Radius Calculator (aka How to Cut a Curve in Wood)

My Radius Calculator tells you the radius of an arc of a certain width and height. You can use a string or tape measure with the radius to draw an arc on a piece of wood, or a piece of paper, or fabric, or a garden in a lawn, or a thousand other uses!

I created this calculator for my IKEA Hack Bed Bridge Bookcase when I needed to cut the arched piece at the top of each bookcase. I searched the Internet and couldn’t find a simple calculator for woodworkers to use for this purpose.

These curved arches make a huge visual design difference because the standard IKEA cabinets have very hard edges.

You could easily omit the fluted trim on the project, and it would still look elegant with the arches alone.

(For clarification, the “arc” is the curved line that I draw on the wood. The “arch” is the finished piece of wood after I cut the “arc”.)

How to use the Radius Calculator

The first step is to determine the width (W) of the arc that you want to draw. As you can see in the photo above, I sized my arc to be between the two pieces of fluted trim with 1/2″ margin on each end.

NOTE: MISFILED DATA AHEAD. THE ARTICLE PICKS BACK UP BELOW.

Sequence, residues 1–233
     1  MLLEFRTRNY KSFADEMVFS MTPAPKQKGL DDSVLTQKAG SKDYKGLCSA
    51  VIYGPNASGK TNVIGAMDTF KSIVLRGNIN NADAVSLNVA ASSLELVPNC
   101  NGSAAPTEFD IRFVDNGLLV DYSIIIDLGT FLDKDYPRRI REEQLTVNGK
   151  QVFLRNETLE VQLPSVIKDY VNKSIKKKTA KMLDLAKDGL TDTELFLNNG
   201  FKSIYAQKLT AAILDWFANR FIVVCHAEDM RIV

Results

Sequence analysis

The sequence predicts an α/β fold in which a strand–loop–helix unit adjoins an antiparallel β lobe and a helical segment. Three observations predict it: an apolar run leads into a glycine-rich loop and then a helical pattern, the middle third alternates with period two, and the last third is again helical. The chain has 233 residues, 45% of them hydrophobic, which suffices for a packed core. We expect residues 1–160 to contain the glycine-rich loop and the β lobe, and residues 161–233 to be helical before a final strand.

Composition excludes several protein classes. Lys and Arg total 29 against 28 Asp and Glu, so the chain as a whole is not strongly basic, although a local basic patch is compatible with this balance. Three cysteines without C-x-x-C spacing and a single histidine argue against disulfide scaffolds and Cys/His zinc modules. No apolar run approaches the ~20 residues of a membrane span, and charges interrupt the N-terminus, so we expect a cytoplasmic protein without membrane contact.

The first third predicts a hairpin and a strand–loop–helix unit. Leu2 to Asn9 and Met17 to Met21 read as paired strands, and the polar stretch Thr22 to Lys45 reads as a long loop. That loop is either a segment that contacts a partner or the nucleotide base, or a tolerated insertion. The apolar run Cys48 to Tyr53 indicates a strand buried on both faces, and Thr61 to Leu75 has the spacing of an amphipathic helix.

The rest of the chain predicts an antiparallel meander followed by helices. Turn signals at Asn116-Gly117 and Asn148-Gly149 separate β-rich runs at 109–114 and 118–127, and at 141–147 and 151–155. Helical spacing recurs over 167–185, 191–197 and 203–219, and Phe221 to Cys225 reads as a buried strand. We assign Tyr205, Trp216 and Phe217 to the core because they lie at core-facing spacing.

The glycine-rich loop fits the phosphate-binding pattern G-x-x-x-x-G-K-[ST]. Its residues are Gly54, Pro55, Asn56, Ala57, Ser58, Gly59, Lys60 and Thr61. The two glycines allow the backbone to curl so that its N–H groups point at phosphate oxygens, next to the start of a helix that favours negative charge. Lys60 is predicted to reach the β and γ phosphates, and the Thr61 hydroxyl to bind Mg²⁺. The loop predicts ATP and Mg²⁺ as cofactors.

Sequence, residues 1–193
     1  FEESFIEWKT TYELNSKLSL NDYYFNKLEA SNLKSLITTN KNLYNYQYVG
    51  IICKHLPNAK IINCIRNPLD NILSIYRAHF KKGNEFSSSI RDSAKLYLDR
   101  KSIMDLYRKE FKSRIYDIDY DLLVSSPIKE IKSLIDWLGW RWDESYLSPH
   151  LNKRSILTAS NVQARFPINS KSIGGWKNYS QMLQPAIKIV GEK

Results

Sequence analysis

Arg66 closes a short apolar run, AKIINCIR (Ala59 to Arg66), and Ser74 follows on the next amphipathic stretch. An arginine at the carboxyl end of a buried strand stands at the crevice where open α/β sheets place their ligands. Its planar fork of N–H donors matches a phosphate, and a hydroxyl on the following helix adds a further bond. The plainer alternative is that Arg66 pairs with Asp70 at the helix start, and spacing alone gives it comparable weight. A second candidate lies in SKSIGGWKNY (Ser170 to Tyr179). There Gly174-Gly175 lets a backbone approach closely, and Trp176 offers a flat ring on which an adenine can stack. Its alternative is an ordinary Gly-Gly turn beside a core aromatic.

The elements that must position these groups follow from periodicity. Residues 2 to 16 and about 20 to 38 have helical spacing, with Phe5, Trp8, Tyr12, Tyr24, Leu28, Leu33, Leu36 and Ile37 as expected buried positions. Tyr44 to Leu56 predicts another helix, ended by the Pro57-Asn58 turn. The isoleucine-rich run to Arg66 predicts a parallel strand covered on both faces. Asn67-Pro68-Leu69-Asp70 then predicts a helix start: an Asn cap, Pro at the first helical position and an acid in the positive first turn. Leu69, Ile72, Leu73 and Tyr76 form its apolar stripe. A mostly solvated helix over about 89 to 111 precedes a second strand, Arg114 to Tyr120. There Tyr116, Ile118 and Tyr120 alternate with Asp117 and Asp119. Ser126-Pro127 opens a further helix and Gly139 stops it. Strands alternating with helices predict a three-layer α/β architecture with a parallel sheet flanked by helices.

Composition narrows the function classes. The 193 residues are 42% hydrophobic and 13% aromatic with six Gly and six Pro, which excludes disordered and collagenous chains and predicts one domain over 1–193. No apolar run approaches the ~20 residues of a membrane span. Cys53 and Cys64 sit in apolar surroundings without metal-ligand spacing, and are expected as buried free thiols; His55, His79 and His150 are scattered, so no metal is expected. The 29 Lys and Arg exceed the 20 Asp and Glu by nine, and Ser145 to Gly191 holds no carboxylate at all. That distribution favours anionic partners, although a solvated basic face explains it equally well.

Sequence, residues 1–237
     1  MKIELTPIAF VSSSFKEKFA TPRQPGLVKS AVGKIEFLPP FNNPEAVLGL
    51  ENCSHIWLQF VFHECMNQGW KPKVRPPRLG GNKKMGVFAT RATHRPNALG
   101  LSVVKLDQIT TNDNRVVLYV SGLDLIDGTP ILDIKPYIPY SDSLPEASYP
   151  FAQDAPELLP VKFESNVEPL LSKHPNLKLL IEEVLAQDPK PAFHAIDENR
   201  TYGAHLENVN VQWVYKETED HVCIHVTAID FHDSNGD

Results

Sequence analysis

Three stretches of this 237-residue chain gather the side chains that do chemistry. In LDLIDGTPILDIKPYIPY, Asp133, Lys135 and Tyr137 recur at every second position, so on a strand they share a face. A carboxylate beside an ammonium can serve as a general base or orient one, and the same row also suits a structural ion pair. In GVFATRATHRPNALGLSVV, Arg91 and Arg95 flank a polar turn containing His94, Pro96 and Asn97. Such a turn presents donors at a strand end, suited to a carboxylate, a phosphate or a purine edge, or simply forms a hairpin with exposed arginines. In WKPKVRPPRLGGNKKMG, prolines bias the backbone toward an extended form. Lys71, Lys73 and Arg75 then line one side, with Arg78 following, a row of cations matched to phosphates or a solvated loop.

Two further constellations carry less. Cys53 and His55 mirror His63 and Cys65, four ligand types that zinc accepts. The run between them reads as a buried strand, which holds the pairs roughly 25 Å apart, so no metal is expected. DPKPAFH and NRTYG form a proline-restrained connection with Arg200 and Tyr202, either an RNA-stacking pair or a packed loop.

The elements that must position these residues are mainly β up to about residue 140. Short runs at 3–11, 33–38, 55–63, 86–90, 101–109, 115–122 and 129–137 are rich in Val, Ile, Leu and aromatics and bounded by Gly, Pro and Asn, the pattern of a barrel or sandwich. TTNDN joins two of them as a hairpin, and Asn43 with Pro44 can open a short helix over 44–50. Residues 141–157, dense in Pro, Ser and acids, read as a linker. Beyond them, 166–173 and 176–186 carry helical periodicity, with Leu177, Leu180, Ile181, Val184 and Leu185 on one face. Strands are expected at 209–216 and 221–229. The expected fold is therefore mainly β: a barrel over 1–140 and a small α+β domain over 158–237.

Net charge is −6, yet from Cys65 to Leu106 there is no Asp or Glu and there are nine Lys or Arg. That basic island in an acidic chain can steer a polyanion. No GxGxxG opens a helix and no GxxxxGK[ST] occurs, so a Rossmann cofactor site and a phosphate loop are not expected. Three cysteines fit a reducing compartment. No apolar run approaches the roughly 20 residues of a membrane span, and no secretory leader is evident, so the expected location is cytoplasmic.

Second, you need to decide the height (H) of the arc. The height of the arc on my project was 1″.

Finally, press the Calculate and the radius (R) will be shown. Press Clear if you want to try different values.

Note: This calculator doesn’t care if you are using inches, feet, centimeters or miles! You just need to be consistent for all measurements.

10 Responses

1. Cathy says:

I’m having trouble getting a curve on a 51.5” length at 3” high. Any suggestions. It’s either too short or too long. Is there an easy way to do this alone?
Thanks

• Chris Heider says:

My calculator says you’d need a string 10-feet long to draw that arch with my method! I suggest you try this alternative method from the Samurai Carpenter instead. Let me know how that goes.

2. kamille almeida says:

Hi I just had a question I watched your video and this seems a bit dumb but the radius you got was 25.625=28 & 5/8th how did you get the 5/8 part. I am horrible at Math. Oh yeah great video by the way

• Chris Heider says:

Thanks! The radius calculator said 28.625 inches. I’ve used eighths so often that I memorized them:
1/8 = 0.125
2/8 = 1/4 = .25
3/8 = 0.375
4/8 = 1/2 = 0.5
5/8 = 0.625
6/8 = 3/4 = 0.75
7/8 = 0.875

3. TStark1218 says:

This worked great thanks!!!

4. Scott says:

The real questions are; how did you draw and how did you cut it?

• Chris Heider says:

It’s all explained in the video.

5. Jhon says: